It’s no secret that a good night’s sleep can do wonders for your mood. Now, a new study shows that improving your Z's over time is associated with better health and well being. In fact, researchers say, scoring better shuteye perks up mental health as well as winning the lottery.
The findings come from analysis of more than 30,500 British people who were followed for about four years. University of Warwick researchers found that people who reported improved quality of sleep over that time period, or who reduced the amount of sleep medications they took over that time, tended to also improve their scores on screening tests for physical and emotional health.
Overall, their mental health improvements over the four years were comparable to those seen in British lottery winners two years after hitting a medium-size jackpot worth about $250,000. So, to be clear, we're talking about a long-term mood boost—not the immediate euphoria of striking it rich.
Unsurprisingly, people whose sleep patterns got worse over the study period were more likely to see their physical and emotional health scores go down.
Cathy Goldstein, MD, assistant professor of neurology in the University of Michigan Sleep Disorders Center, says that the study results confirm what’s long been understood in the medical community: that good-quality sleep can improve mood.
“When we sleep well, we feel better—but there may also be more than that,” says Dr. Goldstein, who was not involved in the new study. “If you’re irritable and having difficulty with interpersonal relationships, that could affect your well being. We also see changes in inflammatory markers with poor sleep, so people might actually physically feel worse when they’re not sleeping well.”
Studies have also shown that poor sleep can slow metabolism and lead to weight gain, she adds, which can also affect both physical and emotional health.
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The study, which was published in the journal Sleep, can’t prove a cause-and-effect relationship between sleep and better health outcomes, and Dr. Goldstein says that the two are quite intertwined. “If people were feeling better at the end of the study, that certainly could have been what resulted in them having better sleep up to that point,” she says. “It’s a bi-directional relationship, for sure.”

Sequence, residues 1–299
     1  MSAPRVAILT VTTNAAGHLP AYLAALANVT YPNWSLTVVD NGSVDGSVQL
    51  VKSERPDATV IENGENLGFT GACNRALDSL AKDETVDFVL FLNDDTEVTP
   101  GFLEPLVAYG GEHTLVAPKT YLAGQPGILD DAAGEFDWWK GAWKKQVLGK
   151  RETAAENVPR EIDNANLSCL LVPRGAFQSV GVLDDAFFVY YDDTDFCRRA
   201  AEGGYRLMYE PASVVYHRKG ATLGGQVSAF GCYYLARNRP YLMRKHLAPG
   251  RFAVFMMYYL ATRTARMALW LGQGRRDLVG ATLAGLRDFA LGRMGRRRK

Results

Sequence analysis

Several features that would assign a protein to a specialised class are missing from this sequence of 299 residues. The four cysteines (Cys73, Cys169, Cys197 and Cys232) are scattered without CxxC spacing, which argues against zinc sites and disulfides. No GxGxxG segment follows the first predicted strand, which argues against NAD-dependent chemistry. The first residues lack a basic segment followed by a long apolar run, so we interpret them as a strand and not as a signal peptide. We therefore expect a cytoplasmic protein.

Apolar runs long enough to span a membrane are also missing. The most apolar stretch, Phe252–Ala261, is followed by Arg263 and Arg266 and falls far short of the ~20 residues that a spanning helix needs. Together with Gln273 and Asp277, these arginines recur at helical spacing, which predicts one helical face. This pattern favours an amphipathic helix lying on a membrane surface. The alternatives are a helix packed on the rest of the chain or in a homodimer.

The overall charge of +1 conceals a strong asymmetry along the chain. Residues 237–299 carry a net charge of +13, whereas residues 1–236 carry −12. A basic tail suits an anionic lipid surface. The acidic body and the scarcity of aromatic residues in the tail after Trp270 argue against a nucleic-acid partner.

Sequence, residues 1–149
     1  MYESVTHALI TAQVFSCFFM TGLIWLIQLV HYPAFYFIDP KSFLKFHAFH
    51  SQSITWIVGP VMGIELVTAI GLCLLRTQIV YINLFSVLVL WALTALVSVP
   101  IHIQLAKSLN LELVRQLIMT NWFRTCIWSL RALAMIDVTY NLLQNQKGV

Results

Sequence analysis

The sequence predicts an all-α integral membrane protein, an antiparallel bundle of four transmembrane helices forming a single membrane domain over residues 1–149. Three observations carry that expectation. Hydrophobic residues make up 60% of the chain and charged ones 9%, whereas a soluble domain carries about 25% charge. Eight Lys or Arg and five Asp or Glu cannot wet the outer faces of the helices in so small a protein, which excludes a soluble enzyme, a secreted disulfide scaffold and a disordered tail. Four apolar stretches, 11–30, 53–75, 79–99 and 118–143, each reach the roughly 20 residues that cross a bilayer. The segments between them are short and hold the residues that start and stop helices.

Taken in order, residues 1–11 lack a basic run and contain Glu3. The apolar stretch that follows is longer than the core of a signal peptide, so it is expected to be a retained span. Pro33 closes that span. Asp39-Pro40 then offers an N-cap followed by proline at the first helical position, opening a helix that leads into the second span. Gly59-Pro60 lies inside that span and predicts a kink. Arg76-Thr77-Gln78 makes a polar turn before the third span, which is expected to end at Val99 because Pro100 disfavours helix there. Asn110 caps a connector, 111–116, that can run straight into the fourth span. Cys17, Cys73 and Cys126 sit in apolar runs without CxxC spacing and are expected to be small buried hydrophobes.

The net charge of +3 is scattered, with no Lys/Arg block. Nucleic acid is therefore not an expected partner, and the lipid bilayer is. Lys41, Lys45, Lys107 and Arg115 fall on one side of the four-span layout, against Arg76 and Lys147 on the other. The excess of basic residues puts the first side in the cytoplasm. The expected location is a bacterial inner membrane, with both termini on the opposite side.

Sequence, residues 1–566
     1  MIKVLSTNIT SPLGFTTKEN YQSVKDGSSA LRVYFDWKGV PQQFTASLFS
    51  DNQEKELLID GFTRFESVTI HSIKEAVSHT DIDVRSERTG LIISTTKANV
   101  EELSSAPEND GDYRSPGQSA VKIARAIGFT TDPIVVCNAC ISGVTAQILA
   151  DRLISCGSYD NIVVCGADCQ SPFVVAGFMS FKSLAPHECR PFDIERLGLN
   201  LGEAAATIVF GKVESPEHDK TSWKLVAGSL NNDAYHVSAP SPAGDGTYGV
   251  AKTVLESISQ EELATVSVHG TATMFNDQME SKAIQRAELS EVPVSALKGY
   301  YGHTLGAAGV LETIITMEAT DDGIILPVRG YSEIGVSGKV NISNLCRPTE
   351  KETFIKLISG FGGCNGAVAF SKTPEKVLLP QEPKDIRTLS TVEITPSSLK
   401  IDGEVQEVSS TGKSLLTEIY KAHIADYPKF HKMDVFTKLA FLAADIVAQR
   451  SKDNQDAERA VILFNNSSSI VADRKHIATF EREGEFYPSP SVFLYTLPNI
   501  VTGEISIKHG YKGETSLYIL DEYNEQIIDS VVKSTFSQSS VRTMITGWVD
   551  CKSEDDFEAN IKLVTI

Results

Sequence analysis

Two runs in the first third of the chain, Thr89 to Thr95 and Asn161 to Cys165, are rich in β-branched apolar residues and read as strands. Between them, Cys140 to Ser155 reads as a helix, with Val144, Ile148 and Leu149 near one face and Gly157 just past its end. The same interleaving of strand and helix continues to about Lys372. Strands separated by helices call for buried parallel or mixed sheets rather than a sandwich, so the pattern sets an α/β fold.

The study also found that when people’s sleep duration improved, their mental health scores did too—but their physical health scores didn’t. The benefits of longer sleep on physical health may take longer to emerge, the study authors speculate, or they may only be evident in people who are significantly sleep deprived.
Sleep quality, on the other hand, was linked to both physical and mental health. This finding “challenges the predominant focus on sleep quantity in some of the public health messages,” say the authors, who argue that how well you sleep is at least as important as how much you sleep.
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There’s no question that many of us could benefit from better sleep practices, says Dr. Goldstein. “Most people need seven to nine hours, and humans don’t sleep with 100% sleep efficiency,” she says. “So if you turn off the lights at 10 and wake up at 5, that’s probably not a full seven hours of sleep.”
She recommends spending at least seven and a half hours in bed, and paying close attention to how you feel during the day. “If you’re still feeling tired, it’s possible you could have a sleep disorder, like obstructive sleep apnea, that’s keeping you from getting good quality rest.”
The study authors say that an important next step in this research is finding out why some participants’ sleep improved over those four years and why other’s declined, and what lifestyle factors seemed to play a role, for better or worse.
For anyone looking to improve their sleep quality, Dr. Goldstein says a good place to start is keeping electronic devices out of the bedroom, and reducing exposure to screens and bright light between dusk and bedtime. “Our bodies were not equipped to get that bright light, and it’s going to suppress melatonin and make it harder to sleep,” she says.
She also recommends talking to your doctor if you have trouble falling asleep, staying asleep, or if you regularly feel tired during the day—even if you’re technically logging the “right” number of hours in bed.